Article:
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Don’t Auto-Dial My Cell Phone

Robo-Calls could be worth $500.00 each

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The Telephone Consumer Protection Act (“TCPA”) held to protect out-of-state Consumer from Unauthorized Auto-Dialed Calls.

What is the TCPA? 

The TCPA is a federal law that, among other things, protects individuals from being repeatedly called on their cellular telephone from any person or company using an automatic dialing system or pre-recorded voice unless that person or company has prior express written consent to do so.  In the event that a person or company makes such calls without appropriate consent, the recipient of the calls is entitled to $500 per call and, if he or she can demonstrate that the calls were knowingly made in violation of the TCPA, may be entitled to up to $1,500 per call, subject to the court’s discretion. Specifically, to have a case under the TCPA, in part you need to substantiate:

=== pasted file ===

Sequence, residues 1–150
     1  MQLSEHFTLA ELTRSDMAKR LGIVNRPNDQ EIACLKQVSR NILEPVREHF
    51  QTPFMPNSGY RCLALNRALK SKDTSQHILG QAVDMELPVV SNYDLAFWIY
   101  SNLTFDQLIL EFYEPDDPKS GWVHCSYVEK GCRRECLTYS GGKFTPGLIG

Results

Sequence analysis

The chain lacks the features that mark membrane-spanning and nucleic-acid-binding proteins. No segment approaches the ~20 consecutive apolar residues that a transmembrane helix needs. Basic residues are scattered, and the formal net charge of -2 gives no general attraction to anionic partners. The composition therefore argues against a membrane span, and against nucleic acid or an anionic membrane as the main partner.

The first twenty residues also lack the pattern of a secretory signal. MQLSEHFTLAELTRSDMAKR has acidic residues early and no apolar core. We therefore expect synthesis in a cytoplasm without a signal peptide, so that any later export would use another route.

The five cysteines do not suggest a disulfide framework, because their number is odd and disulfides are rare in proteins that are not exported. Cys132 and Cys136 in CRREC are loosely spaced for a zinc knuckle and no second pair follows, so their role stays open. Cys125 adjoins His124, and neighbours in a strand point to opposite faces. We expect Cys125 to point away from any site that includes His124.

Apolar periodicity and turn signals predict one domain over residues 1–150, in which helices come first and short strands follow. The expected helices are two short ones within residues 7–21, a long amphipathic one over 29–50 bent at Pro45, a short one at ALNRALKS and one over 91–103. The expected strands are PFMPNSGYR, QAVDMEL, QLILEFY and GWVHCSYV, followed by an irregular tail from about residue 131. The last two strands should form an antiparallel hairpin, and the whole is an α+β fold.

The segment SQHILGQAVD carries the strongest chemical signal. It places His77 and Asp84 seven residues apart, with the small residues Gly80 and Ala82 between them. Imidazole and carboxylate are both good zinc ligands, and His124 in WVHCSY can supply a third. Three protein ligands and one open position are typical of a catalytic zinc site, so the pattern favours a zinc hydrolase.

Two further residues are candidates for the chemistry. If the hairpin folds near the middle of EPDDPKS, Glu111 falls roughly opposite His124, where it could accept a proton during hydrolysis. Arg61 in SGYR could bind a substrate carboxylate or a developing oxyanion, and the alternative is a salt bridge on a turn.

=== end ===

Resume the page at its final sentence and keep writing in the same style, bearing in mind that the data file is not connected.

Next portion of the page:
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Stripping a Junior Mortgage in Chapter 7 Bankruptcy

Should I convert my Chapter 13 case to a Chapter 7 case?

Earlier in the year, the 11th Circuit Court, in the case of In re: McNeal, held that Bankruptcy Debtors could now strip their junior mortgages and equity lines of credit from their primary residences in a Chapter 7 case. This decision was in contrary to a well settled principle of bankruptcy law, that if you were interested in stripping a junior lien off your home, you had to file a Chapter 13 bankruptcy case. But as surprised as most of the bankruptcy bar was with the decision in McNeal, what was not surprising was the rush of Chapter 13 cases that converted to Chapter 7. After all, why make payments to the Chapter 13 Trustee for three to five years when all that needed to be done was to convert the case to Chapter 7 and be done with the case all together in a matter of months.

Read more: Stripping a Junior Mortgage in Chapter 7 Bankruptcy